The presence of enlarged epithelioid/spindled nests located deep in the reticular dermis of a biphasic melanocytic neoplasm can mimic melanoma arising in a pre-existing nevus, causing over-interpretation of malignancy. We aimed to define the clinicopathologic significance of epithelioid/spindled nests in melanocytic nevi. Retrospectively using clinical and histologic information, we characterized 121 patients with a single lesion showing epithelioid/spindled melanocytes in the reticular dermis or subcutaneous fat, surrounded by melanophages, sometimes blending in with the adnexa. The majority of nevi occurred in women in the ages of 10 to 39 years, where the most frequent presentation was a changing mole. While 78% of the lesions displayed an anatomic (Clark’s) level of IV-V, there was no ulceration, significant regression or inflammation. Up to 2 mitoses were found in only 12% of the cases, not correlating with the severity of cytological atypia. No recurrence or metastasis occurred during 45.5 months (mean) of clinical follow up in 26 patients. Notwithstanding the deep dermal extension, these findings suggest a benign histopathology and clinical outcome. Having compared the overlapping histopathology and clinical features between deep penetrating/clonal nevus and combined nevus, we posit that “inverted type-A nevus” might be considered a variant of the two.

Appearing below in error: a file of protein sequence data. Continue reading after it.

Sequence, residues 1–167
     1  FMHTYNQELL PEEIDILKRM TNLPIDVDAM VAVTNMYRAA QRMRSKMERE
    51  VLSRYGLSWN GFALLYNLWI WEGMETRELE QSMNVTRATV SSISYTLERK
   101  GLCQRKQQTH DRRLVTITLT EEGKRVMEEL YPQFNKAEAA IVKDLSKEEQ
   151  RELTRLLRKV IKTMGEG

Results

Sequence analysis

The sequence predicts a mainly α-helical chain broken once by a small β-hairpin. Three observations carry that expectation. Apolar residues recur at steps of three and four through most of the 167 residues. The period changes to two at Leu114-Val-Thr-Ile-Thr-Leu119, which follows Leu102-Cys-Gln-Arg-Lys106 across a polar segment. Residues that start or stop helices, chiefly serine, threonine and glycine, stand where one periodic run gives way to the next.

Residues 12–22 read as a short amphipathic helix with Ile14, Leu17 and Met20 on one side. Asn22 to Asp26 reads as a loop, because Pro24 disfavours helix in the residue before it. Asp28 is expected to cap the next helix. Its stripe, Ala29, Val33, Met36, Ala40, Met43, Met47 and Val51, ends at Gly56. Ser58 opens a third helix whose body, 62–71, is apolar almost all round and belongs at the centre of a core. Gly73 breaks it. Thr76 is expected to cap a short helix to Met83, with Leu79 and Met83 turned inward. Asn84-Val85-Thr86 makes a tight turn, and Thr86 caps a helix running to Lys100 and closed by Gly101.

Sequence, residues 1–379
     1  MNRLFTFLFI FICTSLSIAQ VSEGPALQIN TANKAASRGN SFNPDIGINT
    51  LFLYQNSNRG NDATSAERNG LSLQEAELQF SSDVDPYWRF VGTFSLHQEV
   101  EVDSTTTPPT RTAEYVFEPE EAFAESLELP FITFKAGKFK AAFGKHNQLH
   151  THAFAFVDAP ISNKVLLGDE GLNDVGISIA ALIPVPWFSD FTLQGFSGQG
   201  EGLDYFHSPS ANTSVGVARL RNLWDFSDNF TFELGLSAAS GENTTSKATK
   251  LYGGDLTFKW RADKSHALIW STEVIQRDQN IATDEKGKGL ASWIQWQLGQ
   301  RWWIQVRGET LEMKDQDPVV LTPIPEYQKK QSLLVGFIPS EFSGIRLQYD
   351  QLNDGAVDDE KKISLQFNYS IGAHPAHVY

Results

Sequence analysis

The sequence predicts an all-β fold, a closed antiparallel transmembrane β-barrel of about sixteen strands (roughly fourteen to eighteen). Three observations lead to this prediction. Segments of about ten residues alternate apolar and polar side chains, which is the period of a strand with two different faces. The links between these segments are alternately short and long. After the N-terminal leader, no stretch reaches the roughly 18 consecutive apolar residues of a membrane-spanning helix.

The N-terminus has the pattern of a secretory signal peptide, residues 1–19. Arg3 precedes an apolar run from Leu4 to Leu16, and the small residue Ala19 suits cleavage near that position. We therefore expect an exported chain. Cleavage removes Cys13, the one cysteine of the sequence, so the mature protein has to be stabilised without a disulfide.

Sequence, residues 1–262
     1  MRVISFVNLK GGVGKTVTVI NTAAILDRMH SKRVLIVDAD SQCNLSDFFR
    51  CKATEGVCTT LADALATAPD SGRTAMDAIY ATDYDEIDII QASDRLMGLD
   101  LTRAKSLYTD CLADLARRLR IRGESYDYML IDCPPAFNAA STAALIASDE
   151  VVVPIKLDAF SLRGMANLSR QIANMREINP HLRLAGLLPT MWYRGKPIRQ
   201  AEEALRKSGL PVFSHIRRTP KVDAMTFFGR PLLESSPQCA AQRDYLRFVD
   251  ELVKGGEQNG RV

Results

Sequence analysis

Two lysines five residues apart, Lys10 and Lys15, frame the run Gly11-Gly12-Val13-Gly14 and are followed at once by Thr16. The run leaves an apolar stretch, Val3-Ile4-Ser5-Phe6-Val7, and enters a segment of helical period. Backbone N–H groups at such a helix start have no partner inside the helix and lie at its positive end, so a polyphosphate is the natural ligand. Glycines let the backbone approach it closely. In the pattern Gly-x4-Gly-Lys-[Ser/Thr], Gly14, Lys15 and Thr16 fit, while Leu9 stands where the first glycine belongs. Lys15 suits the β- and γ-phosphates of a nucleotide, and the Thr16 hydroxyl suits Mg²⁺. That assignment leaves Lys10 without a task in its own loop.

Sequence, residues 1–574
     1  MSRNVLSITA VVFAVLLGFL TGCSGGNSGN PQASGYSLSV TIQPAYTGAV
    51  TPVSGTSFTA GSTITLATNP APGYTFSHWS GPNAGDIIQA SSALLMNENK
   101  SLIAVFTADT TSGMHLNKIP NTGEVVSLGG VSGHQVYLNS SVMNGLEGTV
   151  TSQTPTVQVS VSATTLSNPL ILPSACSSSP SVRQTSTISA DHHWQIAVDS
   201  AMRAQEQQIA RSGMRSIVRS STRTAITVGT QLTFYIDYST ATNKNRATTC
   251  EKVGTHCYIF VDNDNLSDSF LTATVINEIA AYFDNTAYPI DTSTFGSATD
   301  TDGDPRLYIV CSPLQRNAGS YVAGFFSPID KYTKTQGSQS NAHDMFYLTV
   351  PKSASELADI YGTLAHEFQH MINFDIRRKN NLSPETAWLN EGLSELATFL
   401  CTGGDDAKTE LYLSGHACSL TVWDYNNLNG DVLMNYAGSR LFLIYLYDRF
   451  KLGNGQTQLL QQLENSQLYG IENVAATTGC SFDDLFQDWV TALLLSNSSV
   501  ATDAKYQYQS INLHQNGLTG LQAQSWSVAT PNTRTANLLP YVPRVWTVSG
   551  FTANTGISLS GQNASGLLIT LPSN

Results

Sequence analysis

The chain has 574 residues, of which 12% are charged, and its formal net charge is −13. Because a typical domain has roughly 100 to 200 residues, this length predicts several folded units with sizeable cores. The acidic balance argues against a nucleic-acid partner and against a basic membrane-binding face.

- atypical dermal nodule in benign melanocytic nevus
- combined nevus
- deep penetrating nevus
- melanocytic nevus with focal atypical epithelioid component (clonal nevus) nevus with phenotypic heterogeneity
ASJC Scopus subject areas
- Pathology and Forensic Medicine